Archive for May, 2013

I just realized I left out the best part of my Spring Blast Half Marathon race recap! Mike and my three girls often cheer me on at races and act as my support crew by handing me replacement bottles of sports drink along the course. For last Saturday’s half marathon though, I brought my own bottle of sports drink to grab at the aid station at the halfway mark, and left Mike and the kids sleeping at home. By the time I got home after the race, my girls were out playing in the yard and they ran up to the car in the garage. I rolled down the window and my 8-year-old exclaimed,

There’s our champion!

It makes me well up just to think about it now! Such a wonderful, sweet thing to say!

We all went in the house and my 4-year-old presented me with a picture she had drawn for me while I was gone:

Rainbow over heart flowers

Rainbow over heart flowers

My 11-year-old asked me how the race went and gave me a hug, and my husband made me a plate of scrambled eggs with a side of fruit and a mug of hot chocolate! I am so thankful for my amazing support crew!

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One of the nice things about the small, timed races put on by Rocket Racing Productions is that the organizers take digital photos and make them available to download for free from Facebook. Free race photos? Posted within a day of the race? Yes-please-and-thank-you-very-much! Even better, I think these just might be some of my favorite race photos ever. Decent form, some newly toned muscles, and a smile on my face at the halfway point (6.55 miles, approaching the aid station, chucking my visor because my sunglasses were fogging up, and turning around my race belt to chuck my water bottle and replace it with another from the aid table):

Happy to be at the halfway point

Happy to be at the halfway point

A nice midfoot strike!

A nice midfoot strike!

Looking strong, feeling good!

Looking strong, feeling good!

Ready for my close-up!

Ready for my close-up!

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Yesterday morning as I pulled out of my driveway at 5:55 a.m. to head to the Spring Blast Half Marathon in Huntington Beach, I still had a major case of race jitters. Usually my race jitters flare up the day before a race and I manage to beat them back into submission by race day. Not so this time. I had to resort to an out-loud pep talk with myself in the car: “You will do your best and that’s all you can do. You are nervous because you’ve trained so hard and you want this to go well. You haven’t tapered for this race, and it’s ‘just’ a training run. I know you want it to go well because that will boost your confidence for the full marathon, but really your goal is to do your best, enjoy the race, and not push yourself to the point of injury.” The self-talk sort of worked to calm my nerves, but not completely, as evidenced by my need to thank the nice people of Carl’s Jr. for the use of the restroom at 6:20 on the way to the race. And my need to visit the beach bathroom when I got there. But once I was parked in the right parking lot and made my way to where the race started, I did finally pull myself together and get my game face on.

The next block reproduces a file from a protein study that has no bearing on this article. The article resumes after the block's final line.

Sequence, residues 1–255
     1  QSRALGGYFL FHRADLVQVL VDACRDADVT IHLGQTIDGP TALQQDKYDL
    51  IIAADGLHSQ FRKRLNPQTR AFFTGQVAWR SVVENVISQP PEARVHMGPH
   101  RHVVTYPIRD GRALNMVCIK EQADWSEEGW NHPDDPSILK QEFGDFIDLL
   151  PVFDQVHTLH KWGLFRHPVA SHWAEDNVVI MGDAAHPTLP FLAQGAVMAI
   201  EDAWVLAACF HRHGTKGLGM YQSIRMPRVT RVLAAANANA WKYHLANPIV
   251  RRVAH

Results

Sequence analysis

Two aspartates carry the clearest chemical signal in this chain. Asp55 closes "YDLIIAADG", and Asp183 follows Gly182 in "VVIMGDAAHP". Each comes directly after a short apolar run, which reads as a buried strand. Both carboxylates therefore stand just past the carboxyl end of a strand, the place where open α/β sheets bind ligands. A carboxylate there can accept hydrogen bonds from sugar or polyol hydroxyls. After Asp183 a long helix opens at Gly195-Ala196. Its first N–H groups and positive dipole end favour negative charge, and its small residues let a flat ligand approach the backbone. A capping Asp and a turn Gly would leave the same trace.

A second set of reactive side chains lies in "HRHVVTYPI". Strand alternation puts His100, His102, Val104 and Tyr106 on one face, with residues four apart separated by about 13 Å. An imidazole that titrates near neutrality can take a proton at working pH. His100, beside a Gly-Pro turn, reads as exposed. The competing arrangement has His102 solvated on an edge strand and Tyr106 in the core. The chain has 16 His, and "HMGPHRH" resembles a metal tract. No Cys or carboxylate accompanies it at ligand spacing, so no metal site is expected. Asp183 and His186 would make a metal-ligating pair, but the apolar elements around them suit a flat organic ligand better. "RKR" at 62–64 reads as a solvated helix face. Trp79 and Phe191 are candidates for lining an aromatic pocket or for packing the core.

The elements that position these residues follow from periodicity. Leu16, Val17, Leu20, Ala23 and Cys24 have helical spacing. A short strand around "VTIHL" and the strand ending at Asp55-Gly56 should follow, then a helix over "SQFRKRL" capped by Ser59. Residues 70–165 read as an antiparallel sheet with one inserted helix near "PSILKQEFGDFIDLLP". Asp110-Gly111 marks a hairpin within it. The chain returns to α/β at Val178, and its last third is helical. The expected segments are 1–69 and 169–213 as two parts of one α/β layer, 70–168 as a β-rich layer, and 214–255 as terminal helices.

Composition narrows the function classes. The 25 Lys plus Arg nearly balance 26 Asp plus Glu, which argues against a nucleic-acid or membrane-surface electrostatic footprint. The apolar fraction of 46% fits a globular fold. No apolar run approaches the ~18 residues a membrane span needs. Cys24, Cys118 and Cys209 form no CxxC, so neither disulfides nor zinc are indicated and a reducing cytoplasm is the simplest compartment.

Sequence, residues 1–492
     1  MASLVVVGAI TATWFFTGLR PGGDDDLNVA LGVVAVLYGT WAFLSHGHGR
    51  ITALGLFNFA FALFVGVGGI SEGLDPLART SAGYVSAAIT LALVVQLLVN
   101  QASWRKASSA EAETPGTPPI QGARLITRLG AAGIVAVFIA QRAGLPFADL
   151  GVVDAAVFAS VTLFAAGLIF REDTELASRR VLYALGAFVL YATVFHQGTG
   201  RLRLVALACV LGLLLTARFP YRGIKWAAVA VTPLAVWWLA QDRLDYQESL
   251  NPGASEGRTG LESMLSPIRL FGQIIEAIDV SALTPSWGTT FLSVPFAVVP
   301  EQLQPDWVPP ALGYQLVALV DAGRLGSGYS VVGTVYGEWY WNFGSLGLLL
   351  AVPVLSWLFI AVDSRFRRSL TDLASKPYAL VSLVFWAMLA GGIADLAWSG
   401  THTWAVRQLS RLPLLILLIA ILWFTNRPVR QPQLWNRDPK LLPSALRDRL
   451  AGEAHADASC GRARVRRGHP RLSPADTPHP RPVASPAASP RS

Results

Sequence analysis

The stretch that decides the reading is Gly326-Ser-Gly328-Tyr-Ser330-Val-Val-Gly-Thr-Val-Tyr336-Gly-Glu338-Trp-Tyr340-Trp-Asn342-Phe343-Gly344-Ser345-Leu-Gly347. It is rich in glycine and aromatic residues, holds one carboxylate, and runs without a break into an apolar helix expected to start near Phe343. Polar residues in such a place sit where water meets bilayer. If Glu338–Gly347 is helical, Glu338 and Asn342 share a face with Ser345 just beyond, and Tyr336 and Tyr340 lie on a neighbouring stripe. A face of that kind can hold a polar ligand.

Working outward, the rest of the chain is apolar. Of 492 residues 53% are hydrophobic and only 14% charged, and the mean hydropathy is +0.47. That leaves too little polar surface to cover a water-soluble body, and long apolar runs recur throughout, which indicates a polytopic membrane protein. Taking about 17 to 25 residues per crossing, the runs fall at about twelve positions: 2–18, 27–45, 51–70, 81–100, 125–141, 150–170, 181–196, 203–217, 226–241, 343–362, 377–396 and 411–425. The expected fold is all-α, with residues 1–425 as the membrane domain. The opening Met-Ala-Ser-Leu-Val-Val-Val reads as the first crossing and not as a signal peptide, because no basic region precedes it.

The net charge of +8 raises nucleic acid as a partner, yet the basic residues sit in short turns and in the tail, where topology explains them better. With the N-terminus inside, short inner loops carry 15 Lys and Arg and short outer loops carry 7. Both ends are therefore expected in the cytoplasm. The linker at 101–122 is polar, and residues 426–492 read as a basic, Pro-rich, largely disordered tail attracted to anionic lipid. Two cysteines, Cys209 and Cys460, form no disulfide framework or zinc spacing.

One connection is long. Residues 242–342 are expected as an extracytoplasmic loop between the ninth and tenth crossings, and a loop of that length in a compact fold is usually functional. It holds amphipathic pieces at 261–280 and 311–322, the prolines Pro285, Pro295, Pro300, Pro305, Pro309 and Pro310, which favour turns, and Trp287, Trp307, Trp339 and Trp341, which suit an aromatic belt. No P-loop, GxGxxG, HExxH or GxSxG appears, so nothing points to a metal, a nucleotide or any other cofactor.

I feel like I’ve been running and racing for a long time, but in reality it’s only been two years since I challenged myself to run 30 miles in 30 days. In those two years since, I’ve come a long way. Just last month I ran 133 miles in 30 days, and the month before that, 141 miles in 31 days. Still, I haven’t run many races. I ran my first half marathon just over one year ago at the OC Half (race recap here), and my first full marathon last November at the Santa Barbara International Marathon (race recap here). So, this Spring Blast Half Marathon would only be my second half marathon.

The race is a small event put on by Rocket Racing Productions, which is headed up by two runners themselves, Michelle and Mark. They put on low-cost, timed fun runs in Southern California about 5-7 times per month. That’s what’s so great about it — when I searched for a local half marathon taking place on the day of my scheduled 13-mile run, I easily found a match! And you can’t beat the price at $31 for the half, $42 for the full marathon option, $23 for the 10K and $34 for the 30K.

Parking is free in the lot at Sunset Beach behind the Travelodge. The race starts at the Huntington Beach multi-use path.

Open course along the Huntington Beach multi-use path

Open course along the Huntington Beach multi-use path

The 12 racers checked in with Michelle at 7 a.m. and Mark started the race with a countdown promptly at 7:15. There were no bibs or timing chips (a stopwatch is used to time the race from the starting call). I made a point to check out some of the other racers so I would recognize them on the course and I could give them a thumbs-up or a “great job” to cheer them on the way. The lack of people cheering along the course is the one downside to the race (well, that and the occasional smell of lighter fluid from the beach campers). The beach path is open to everyone and you would never know a race was going on. I love a smaller race but I’ve come to appreciate the energy boost I get from random strangers along the way! Thank goodness a lovely young woman saw some of us booking it at mile 7 and she called out: “You guys are amazing!”